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Menigitis vaccines required by schools

HACKENSACK, N.J. — For the price of a pair of sneakers, John Kach probably could have saved his fingers and legs.

Kach, a college student in Rhode Island, believes vaccination against meningitis would have kept him from contracting the bacterial illness — most likely in his dormitory — that led to the loss of his limbs four years ago. If only he had gotten that shot, which costs about $85.

“I went to the doctor’s office for a physical. They recommended getting vaccinated, but they didn’t have vaccine at the office,” Kach said during a recent teleconference sponsored by the federal Centers for Disease Control and the National Meningitis Association.

“I figured, meningitis, whatever … I went to school and didn’t get (immunized) there,” he said. “I played basketball, had a good time. I didn’t get to it. I regret it.”

Every year, about 125 college students like Kach contract meningitis, and five to 15 of them die. The risk of dying is six times higher for students in dormitories, particularly freshmen, according to the American College Health Association. Up to 80 percent of those college cases are preventable with vaccine, the organization said.

In general, the vaccine is 85 percent to 100 percent effective in preventing meningitis in older children and adults.

This year, New Jersey joins 30 other states that require all freshmen and transfer students who plan to live in college campus housing either to be immunized against meningitis — which New Jersey’s law does — or to be educated about the disease, before they start school.

New Jersey and Connecticut have the toughest college meningitis immunization state laws in the country, according to the National Meningitis Association. Rep. Robert E. Andrews, D-N.J., has sponsored a similar federal bill in Congress.

New Jersey’s law will affect about 37,000 students living in dormitories at four-year colleges, said Marilyn Riley, spokeswoman for the state Department of Health and Senior Services. Last year, there were 29 cases of meningitis in New Jersey, including seven victims between the ages of 18 and 25 years old, Riley said. Four of the 29 patients — all men, and ranging in age from 23 to 72 years old — died.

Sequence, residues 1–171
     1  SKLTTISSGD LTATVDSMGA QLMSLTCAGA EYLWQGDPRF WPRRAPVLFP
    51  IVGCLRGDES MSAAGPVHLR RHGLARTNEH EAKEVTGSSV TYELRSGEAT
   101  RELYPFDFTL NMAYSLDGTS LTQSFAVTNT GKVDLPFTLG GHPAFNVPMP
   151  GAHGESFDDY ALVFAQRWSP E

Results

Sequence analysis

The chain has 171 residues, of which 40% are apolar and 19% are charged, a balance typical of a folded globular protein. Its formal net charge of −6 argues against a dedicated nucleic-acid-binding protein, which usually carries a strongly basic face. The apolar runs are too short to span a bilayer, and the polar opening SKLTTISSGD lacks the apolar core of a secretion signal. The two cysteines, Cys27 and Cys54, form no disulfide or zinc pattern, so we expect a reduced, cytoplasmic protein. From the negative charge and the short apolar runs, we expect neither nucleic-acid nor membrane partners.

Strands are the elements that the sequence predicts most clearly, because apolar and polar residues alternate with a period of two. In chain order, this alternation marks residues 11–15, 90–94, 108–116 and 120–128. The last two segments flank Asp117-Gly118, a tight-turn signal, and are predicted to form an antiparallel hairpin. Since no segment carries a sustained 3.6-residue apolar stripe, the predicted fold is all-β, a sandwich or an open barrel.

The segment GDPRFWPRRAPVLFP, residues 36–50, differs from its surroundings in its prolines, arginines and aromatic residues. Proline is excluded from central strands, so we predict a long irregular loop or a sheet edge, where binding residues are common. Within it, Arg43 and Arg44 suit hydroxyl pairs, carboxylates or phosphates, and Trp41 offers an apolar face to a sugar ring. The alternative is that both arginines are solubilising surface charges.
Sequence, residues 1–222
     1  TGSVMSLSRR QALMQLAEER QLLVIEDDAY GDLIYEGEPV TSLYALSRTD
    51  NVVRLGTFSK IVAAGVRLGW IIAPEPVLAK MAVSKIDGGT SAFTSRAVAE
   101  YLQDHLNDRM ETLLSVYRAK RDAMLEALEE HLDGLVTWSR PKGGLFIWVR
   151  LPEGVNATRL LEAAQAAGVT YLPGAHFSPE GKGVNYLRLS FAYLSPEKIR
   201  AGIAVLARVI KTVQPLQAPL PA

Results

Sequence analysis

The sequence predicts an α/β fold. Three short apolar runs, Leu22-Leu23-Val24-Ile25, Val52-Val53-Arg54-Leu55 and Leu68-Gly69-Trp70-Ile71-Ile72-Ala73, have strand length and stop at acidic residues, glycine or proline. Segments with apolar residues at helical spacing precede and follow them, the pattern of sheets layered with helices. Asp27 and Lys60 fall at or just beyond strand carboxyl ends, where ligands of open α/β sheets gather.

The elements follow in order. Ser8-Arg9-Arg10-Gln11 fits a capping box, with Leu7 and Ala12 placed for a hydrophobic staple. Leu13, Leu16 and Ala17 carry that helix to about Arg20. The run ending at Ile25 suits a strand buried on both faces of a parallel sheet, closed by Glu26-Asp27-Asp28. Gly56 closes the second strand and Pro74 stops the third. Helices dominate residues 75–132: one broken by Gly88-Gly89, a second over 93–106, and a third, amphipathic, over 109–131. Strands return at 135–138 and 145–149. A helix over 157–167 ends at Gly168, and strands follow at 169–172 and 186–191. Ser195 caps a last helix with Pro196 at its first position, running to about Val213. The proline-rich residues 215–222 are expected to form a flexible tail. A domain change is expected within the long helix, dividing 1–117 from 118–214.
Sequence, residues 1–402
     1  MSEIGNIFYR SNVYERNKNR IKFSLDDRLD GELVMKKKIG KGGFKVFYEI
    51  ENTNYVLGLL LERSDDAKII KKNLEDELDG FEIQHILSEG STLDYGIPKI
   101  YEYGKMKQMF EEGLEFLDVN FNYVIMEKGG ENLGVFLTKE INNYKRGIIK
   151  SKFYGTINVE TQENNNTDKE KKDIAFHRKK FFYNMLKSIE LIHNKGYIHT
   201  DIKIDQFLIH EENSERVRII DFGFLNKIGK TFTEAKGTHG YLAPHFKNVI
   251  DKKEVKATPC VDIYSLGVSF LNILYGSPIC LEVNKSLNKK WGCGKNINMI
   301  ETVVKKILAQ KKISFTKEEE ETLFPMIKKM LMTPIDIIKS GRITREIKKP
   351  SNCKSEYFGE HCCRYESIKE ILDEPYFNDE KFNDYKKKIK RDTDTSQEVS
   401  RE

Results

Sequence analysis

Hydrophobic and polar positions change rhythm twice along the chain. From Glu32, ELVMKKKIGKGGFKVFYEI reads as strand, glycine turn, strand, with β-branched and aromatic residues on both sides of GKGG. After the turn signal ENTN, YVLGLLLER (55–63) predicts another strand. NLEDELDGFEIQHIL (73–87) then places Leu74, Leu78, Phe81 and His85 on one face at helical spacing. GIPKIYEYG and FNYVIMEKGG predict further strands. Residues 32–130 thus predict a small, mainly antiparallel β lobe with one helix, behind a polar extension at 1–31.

There have been 20 cases of meningitis in New Jersey so far this year. Six people have died, including a 5-year-old girl who died in July at a day camp. Fellow campers and workers were given antibiotics as a precaution, and there were no other cases.

Meningitis is a form of meningococcal disease that inflames the membranes of the brain and spinal cord. Another form, meningococcemia, infects the blood. Meningococcal disease strikes about 2,500 Americans every year, causing death in up to 15 percent of cases.

The deadly, contagious bacterial bug is carried in small droplets. It can be spread by a kiss, a cough, a drink, a smoke, a sneeze — especially in close quarters, such as a college dorm. Bacterial meningitis can cause brain damage, hearing loss and learning disability.

There is also a viral form of the disease, which is less severe and usually resolves without specific treatment.

John Kach, the Rhode Island college student who survived meningitis, had a far more severe case. One day in 2000, Kach was in his dorm when he developed flu-like symptoms that included vomiting and a 104-degree temperature. When he was no better the next morning, his girlfriend took him to a hospital.

He developed red and purple blotches on his arms and back. A blood test showed he had 10 times the normal number of white cells, which fight infection. His lungs and kidneys were shutting down.

“My blood was curdling, like milk,” recalled Kach, who developed gangrene in his hands and legs. Eventually, doctors had to amputate most of his fingers and both his legs below wthe knee.

“The possibility of meningitis is reduced. It’s one less thing to worry about,” he said. “It’s only $80. It’s a pair of sneakers.”

There is no grace period, once school starts, for dormitory residents to get their shots, said Joan Cann, a nurse and patient care coordinator at Fairleigh Dickinson in Teaneck, N.J.

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